According to the invention, robust mode contains two mechanisms, smart update and optimal mode selection. “Smart update” acts on packet loss notification by updating the entire picture using INTRA blocks during a predetermined number of frames (e.g., 2 through 15). While a straightforward method sends the entire frame as INTRA immediately after a packet loss notification, smart update uses several frames to update the picture. The benefit of this is to distribute the large number of bits used for INTRA compared with INTER over several frames resulting in a more evenly distributed number of transmitted bits. During the smart update period, motion vectors are not allowed to point into areas of the picture that has not yet been updated by an INTRA block.
“Optimal Mode Selection” is based on taking anticipated packet losses into account when making a decision between INTRA and INTER blocks. In situations without packet loss, this mode selection is normally done by analyzing the degree of similarity (such as by a statistical method like those discussed below, or a cross-correlation function to identify a “distance”) between the current frame and the previous frame for that particular block. If there is a high degree of similarity, INTER mode is chosen. For low degree of similarity (typically caused by scene changes or complex motion), INTRA mode is chosen. Without packet losses this is simply a compression efficiency issue. Various statistical methods may be employed for making the likeness test such as least squares fit, Chi-squared or other applied statistical methods, such as those described in Miller, R., “Beyond ANOVA, Basics of Applied Statistics,” John Wiley & Sons, 1986, the entire contents of which being incorporated herein by reference.
When a sustained packet loss situation is detected, additional criteria for mode selection are used. These criteria include reliability of the reference block, and change in mean value. The reliability of a block is used to modify the INTRA/INTER decision rule so that low probability favors an INTRA decision. The change in mean value from one block to another is used to modify the INTRA/INTER decision rule so that a large change in mean value favors INTRA decision. The decision criteria are described in more detail below.
In particular, the INTRA/INTER mode decision without sustained packet loss is made as follows:
However, in the sustained packet loss scenario, the reliability of the reference blocks depends on the period since it was last updated as INTRA. In particular, the reliability, Rn of a reference block in frame no. n is determined as follows.
For INTRA blocks:
Rn = 1 − p
For INTER blocks with non-zero difference signal:
Rn = (1 − p)Rn−1
For INTER blocks with zero difference signals:
Rn = Rn−1
Here, p is the packet loss probability and Rn−1 is the reliability of the same block in the previous frame. In another implementation, Rn−1 can be replaced with an expression dependent on the reliability of neighbor blocks to take the effects of non-zero motion vectors into account.
The change in mean value, MDn for a block in frame no. n is calculated as follows:
MD n =|M n −M n−1|
Thus, in the case of sustained packet loss, the INTRA/INTER decision rule is modified by changing the value of SAD1 as follows:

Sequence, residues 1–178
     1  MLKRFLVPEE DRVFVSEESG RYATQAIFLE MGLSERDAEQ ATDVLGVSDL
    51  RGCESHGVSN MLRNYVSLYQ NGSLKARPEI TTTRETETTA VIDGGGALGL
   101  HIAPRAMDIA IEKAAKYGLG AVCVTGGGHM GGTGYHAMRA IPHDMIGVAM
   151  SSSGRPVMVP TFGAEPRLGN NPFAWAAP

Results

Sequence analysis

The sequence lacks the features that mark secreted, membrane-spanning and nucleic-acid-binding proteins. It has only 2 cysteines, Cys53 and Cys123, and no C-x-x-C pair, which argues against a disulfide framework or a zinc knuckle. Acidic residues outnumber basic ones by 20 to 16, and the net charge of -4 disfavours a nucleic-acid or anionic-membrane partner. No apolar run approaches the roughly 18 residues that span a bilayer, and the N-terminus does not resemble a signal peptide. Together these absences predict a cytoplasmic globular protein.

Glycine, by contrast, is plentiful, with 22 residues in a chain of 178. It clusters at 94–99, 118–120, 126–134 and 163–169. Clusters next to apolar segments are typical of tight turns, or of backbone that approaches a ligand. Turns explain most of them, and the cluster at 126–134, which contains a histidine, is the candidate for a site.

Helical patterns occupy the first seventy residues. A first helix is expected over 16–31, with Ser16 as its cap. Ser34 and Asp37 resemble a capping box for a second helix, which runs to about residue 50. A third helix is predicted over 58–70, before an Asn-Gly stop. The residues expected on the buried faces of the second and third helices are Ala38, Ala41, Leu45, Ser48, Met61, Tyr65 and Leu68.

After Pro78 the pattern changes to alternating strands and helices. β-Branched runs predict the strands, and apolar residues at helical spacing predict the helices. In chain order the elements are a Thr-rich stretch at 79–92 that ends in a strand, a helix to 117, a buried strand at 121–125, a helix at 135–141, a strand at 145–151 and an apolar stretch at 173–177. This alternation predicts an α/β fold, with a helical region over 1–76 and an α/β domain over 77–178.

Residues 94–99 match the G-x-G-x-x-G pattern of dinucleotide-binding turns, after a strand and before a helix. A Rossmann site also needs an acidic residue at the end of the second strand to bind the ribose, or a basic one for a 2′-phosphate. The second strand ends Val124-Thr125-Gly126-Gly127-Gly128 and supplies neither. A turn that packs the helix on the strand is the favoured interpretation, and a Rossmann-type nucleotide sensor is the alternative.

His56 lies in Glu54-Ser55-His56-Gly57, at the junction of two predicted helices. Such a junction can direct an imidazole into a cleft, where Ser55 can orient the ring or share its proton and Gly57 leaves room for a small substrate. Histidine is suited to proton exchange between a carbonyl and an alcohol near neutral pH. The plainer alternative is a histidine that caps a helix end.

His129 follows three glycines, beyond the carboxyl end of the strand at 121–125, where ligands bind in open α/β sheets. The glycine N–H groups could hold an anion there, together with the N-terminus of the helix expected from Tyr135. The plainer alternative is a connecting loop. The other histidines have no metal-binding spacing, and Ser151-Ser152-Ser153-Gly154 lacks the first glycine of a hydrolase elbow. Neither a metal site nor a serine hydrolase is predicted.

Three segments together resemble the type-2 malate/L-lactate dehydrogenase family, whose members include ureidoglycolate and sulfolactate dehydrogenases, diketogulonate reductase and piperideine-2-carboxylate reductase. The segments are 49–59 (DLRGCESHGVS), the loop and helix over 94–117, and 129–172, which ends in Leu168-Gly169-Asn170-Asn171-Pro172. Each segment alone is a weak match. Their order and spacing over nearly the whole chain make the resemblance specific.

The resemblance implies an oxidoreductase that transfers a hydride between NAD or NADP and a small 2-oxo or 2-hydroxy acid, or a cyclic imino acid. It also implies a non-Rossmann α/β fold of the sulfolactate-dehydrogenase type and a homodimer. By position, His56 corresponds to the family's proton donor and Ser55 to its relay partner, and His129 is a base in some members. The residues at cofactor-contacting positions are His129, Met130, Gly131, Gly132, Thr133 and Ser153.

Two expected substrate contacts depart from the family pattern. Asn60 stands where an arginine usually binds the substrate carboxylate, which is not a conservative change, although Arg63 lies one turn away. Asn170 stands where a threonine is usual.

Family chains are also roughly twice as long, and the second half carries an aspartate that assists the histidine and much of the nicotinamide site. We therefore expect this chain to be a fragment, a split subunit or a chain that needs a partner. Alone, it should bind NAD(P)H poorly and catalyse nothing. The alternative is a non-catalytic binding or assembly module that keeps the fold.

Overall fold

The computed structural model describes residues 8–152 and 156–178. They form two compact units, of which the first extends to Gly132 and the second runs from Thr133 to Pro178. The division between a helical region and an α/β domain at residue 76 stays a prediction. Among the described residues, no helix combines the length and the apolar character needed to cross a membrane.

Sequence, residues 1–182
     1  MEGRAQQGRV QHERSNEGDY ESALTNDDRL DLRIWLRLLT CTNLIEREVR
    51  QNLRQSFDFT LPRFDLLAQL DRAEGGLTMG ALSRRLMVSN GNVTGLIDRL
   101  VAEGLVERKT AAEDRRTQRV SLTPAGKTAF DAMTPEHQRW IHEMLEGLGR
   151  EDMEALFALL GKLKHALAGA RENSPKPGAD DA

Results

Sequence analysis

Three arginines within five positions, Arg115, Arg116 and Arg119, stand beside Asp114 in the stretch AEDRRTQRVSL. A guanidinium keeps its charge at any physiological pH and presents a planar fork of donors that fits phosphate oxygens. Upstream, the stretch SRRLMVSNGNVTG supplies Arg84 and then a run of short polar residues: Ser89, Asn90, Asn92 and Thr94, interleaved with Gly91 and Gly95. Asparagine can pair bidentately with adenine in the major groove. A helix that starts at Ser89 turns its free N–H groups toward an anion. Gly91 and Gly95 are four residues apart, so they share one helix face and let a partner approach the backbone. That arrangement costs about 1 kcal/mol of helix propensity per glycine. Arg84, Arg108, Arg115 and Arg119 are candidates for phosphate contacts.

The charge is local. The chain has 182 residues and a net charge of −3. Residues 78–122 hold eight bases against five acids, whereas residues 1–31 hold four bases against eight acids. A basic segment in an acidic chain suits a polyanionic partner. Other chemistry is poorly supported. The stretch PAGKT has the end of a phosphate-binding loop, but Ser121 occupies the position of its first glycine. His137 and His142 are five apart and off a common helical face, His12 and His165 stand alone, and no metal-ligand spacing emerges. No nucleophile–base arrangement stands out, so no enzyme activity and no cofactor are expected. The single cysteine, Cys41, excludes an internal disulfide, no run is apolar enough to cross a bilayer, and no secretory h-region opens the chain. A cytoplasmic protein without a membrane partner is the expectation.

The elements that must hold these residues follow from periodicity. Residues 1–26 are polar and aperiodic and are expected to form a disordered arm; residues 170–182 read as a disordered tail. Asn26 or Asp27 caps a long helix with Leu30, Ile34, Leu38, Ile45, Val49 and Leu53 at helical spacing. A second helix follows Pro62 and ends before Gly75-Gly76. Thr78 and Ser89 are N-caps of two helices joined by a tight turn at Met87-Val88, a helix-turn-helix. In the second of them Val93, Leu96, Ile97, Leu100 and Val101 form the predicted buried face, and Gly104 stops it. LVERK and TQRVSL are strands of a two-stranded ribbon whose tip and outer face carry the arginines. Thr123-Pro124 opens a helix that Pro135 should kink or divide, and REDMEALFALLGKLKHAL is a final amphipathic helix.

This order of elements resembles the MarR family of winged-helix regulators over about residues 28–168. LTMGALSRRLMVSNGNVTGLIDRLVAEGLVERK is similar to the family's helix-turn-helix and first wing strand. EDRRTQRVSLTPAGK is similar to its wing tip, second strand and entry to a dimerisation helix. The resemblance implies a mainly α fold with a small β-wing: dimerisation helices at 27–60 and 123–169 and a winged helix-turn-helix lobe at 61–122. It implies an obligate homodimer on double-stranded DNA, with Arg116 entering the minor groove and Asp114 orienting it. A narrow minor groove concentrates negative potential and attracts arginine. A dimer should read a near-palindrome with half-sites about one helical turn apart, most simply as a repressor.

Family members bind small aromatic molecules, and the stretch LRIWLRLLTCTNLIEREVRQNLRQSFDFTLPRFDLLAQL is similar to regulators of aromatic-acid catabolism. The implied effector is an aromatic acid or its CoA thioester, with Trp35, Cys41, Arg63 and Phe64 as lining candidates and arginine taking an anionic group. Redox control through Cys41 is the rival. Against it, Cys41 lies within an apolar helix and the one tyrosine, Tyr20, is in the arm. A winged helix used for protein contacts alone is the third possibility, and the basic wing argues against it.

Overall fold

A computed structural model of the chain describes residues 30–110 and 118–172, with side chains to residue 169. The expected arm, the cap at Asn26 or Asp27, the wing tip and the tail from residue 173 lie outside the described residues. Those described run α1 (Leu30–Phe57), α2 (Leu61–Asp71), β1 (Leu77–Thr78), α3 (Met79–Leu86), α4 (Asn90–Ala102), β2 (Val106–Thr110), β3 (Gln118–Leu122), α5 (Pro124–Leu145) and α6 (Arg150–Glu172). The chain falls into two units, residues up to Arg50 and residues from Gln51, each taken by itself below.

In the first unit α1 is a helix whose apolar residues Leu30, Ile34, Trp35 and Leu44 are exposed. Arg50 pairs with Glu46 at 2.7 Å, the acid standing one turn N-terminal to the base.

Also as shown in
V′ n(k,l)=V n−1(k,l).
That is, V′n(k,l) is the estimated motion vector for frame n in block position (k,l) and Vn−l(k,l) is the actual motion vector of frame n−1 at block position (k,l). This is shown in
Thus, in the present invention, the previous frame block motion vectors are used to generate a coarse estimate of the current frame from the previously decoded frame. In addition, an estimate of the corresponding residuals is used to refine this estimate. In the present invention, the estimated residual is chosen as a predetermined value (either zero or another value).
In other embodiments of the present invention, the previously described techniques for handling packet loss can be extended and/or adapted to the case where a gateway or an MCU is used in the packet loss scenario of
In the IP network 1503, the compressed video data from the encoder is divided into IP packets, each packet containing a certain number of bytes. Since each packet contains a header with a unique identifier, lost packets can easily be detected at the receiving end.
When the another network 1607 is an ISDN network, the compressed video data is a continuous stream of bytes. Since there is no packet header in an ISDN network, detection of lost data is more difficult. On the other hand, loss of data occurs extremely rare in an ISDN network.
One function of the gateway 1505 is to reformat compressed data from a packetized byte stream to a continuous byte stream. One problem with conventional systems which are subject to noise or other signal loss, packet losses in the IP network will propagate to the ISDN network as a missing sub-sequence of the continuous byte stream. Since the downstream decoder 1509 has no knowledge about the initial packet loss, and since errors in a continuous byte stream are hard to detect, the system of
One embodiment of the present invention solves this problem by adapting the previously described packet loss detection and concealment methods as shown in
In either case, in one embodiment, gateway or MCU 1705 includes a concealment device 1713 and a packet loss detection device 1711 while video encoder 1701 also includes a sustained packet loss detection mechanism (not shown). In a second embodiment (not shown), gateway or MCU 1705 includes a packet loss detection device 1711 but does not include a concealment device 1713 while video encoder 1701 does include a sustained packet loss detection mechanism. In a third embodiment (not shown), gateway or MCU 1705 includes a concealment device 1713 and a packet loss detection device 1711 while video encoder 1701 does not include a sustained packet loss detection mechanism.
In the embodiment of